Wine Cooked Pork Tenderloin with Sweet Potatoes

The slow cooker is not to be under rated.  Making the main dish in the slow cooker allows for time to make sides, such as a soup and dessert for a complete gourmet meal.  I have a recipe from a good friend of mine that involves baking pork chops in white wine and chicken broth, the flavor in that dish is something I really love this time of year.  I used some of the basics from that dish to make this crock pot meal.

2013-09-22 19.29.27

Ingredients:

– 2 lbs of pork tenderloin

– 4 cloves of garlic, sliced thin

– 1 tsp red pepper flakes

– 1 Tbsp fresh thyme, center stem removed

– 1 Tbsp butter

– 1 sprigs fresh thyme, whole

– 3/4 cup of white wine (I used a bottle of Chardonnay, which I don’t traditionally like for drinking but it works magic in this dish)

– 1 1/2 cups chicken broth

– 1 red onion, sliced into rings

– 2-3 large sweet potatoes

– Salt and pepper to taste

2013-09-22 14.00.08

Directions:

1. In a large skillet on medium heat, melt butter.  Add garlic, thyme, and red pepper flakes  stirring until fragrant.

2. Add pork tenderloin to skillet and brown on all sides.

3. Line the bottom of the crock pot with half of the onion rings, place pork with all of the pieces of garlic, thyme, and pepper flakes on top and fill in the edges of the pot with potatoes.

2013-09-22 14.15.18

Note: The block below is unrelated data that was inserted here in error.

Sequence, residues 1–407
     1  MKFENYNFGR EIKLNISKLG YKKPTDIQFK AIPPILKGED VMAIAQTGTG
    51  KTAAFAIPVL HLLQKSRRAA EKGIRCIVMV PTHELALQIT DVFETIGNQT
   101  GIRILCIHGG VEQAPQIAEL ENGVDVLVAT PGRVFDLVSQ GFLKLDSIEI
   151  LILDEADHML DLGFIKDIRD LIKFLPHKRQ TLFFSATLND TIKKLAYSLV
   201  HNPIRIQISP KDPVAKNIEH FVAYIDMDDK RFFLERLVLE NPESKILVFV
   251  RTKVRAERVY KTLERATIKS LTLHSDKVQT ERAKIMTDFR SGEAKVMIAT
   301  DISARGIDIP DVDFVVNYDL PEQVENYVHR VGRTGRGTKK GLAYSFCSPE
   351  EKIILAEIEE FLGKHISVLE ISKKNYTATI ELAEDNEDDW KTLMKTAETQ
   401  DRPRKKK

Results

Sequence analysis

4. Top with the rest of the onion and thyme sprigs and pour in the wine and broth.

5. Cook on low for 4-6 hours.

2013-09-22 19.13.57

The smell of this cooking was out of this world, something about cooking with wine perhaps.  The pork did not get a chance to rest, as when I pulled it out of the pot it was falling apart, so the moisture escaped to a degree.  I also cooked it for 6 hours, I think it would have been better to stop cooking at 4 hours.  Pour the extra juice from the pot over the pork when serving, if you are feeling ambitious you can make a gravy.  It was also spectacular tossed in with the “Curry Butternut Squash Soup”, the flavors compliment each other well.

Enjoy!

Advertisements

Stir-Fry Stuffed Acorn Squash

Today was the ideal fall day, despite the fact that it is technically still summer.  The air was crisp and cool but in the sun you melt to a comfortable temperature.  This dinner took a little advanced planning and did require a bit of chopping, but worth the efforts.  Anytime I can convince my husband to eat a dinner (and go back for seconds) that is primarily vegetables and lean meat without dairy, grains, or processed foods it is win.  This dinner sort of came together as I was making it, trying to utilize the vegetables in my refrigerator that needed eaten.  This is my best recap of what happened.

2013-09-16 19.30.12Ingredients:

– 2 acorn squash

– 2-3 boneless pork chops ( you can use pork shoulder, pork loin…even chicken or beef), cut into bite-sized pieces

– 5 carrots, peeled and sliced in thin strips

– 5 stalks of celery, sliced

– 3/4 cup of shiitake mushrooms, stem removed and sliced

– 3 Hungarian peppers (I had some red and some yellow), thinly sliced in rings

– 1 1/2 heaping Tbsp of minced fresh garlic, plus 1 tsp for marinade

– 1/2 tsp ginger powder

– 1 bay leaf

– 1/3 cup soy sauce